The January issue of Management Today presents its seventh annual survey of Britain's Top 100 Entrepreneurs. The MT Top 100 are ranked using the following criteria: 1) asset wealth, which is identified from their holdings in private or public companies, share sales, dividends and salaries; 2) Percentage growth in turnover over the past five years (or less if figures do not go back that far); 3) Percentage growth in jobs created in the past five years. This is designed to highlight the important role of the Top 100 entrepreneurs as the leading job creators in the private sector. Finally, MT add up the figures for the entrepreneurs' ranking in, respectively, the wealth, turnover and employment columns.
Looking at two of the key measures of performance - growth in turnover and employment - it is heartening to report that the MT100 turnover has grown from £11.2bn to £24.9bn, a healthy 122% rise, which naturally means more economic activity spreading round the UK. More importantly perhaps, their total headcount has risen in five years by over 48,000 to 137,914. This represents a 53% rise and shows that in the crucial area of productivity, the entrepreneurs making the list are right on top of their game. They are getting more work out of their staff, with turnover growing at more than twice the rate of employment growth.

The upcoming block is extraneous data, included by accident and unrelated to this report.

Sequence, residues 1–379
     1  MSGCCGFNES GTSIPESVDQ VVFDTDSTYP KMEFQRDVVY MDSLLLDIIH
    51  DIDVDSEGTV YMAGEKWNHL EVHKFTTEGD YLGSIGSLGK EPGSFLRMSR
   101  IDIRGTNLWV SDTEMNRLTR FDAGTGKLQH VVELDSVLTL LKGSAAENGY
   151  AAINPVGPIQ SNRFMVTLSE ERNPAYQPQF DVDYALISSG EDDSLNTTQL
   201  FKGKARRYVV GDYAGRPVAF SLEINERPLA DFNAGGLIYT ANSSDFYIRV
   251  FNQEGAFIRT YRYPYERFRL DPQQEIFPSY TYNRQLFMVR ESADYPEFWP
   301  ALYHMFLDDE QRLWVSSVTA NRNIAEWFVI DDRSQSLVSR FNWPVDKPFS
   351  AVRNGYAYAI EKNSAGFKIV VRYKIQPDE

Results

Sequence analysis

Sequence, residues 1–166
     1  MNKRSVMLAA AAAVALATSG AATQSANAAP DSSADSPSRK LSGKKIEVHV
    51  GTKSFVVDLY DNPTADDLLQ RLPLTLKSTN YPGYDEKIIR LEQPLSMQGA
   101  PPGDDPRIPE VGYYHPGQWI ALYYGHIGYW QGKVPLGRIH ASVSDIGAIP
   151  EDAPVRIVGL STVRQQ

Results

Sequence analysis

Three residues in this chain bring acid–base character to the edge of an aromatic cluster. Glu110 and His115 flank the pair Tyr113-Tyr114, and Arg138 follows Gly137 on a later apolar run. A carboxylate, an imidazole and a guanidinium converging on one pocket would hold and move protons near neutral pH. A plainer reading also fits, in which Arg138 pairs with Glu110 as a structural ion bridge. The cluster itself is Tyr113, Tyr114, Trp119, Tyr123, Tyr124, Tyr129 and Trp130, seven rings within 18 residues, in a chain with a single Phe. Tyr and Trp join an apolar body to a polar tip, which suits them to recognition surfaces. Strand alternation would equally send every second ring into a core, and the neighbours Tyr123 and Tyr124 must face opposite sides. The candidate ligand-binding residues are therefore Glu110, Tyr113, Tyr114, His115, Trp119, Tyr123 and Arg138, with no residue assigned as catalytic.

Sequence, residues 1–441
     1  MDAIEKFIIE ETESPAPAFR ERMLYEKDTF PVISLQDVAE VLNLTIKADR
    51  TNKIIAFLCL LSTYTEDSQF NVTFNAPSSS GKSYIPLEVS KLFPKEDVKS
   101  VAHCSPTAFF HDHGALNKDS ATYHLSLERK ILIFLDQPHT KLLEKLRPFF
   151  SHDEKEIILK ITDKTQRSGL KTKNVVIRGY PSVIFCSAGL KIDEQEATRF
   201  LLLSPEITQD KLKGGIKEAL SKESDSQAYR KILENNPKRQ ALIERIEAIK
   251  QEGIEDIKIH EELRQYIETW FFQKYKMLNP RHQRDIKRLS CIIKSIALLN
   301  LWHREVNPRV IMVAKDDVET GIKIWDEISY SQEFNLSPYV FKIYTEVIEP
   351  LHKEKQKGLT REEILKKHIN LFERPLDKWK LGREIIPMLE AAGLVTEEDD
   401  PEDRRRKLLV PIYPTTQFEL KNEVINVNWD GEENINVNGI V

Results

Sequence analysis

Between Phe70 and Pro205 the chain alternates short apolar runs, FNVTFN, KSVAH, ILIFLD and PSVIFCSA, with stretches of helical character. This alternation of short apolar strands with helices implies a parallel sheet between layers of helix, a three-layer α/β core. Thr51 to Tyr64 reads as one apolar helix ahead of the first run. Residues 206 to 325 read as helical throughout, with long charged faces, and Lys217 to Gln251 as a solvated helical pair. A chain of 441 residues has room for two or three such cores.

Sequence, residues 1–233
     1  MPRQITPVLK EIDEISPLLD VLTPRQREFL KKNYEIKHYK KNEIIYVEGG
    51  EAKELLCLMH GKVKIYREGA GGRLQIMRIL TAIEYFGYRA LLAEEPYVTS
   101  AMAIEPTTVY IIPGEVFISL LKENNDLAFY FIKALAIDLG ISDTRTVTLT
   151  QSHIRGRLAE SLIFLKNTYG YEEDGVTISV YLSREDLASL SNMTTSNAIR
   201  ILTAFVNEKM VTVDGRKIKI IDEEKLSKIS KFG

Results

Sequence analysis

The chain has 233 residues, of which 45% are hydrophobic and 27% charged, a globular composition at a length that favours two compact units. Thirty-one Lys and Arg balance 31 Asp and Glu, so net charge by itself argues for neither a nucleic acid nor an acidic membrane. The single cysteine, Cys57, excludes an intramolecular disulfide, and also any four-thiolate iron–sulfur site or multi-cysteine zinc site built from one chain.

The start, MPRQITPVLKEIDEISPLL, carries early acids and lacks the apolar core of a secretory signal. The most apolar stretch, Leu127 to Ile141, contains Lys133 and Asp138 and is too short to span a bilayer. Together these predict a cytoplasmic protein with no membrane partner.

This years ranking sees another decline in the female headcount with just eight women included this year. It was nine in 2009 and a record 29 in 2008. But the women nclude are of outstanding quality - Natalie Massenet, for example, who founded online clothing boutique Net-a-porter.com in 2000 makes it to number three, the highest recorded position for a female entrepreneur since the Top 100 began. One other aspect worthy of note is that 2010 is the year of grey power, with a whopping 58 of our entrepreneurs aged 60 or above, and no fewer than 11 aged 70 or over. Commentators who claim that the recession has hit the younger generation hardest may have a point.
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Interested in reading more? Management today is available online to current London Business School staff, students and faculty from Business Source complete and Factiva (check Article finder for date ranges) . The library also holds the hardcopy version going back to 1966.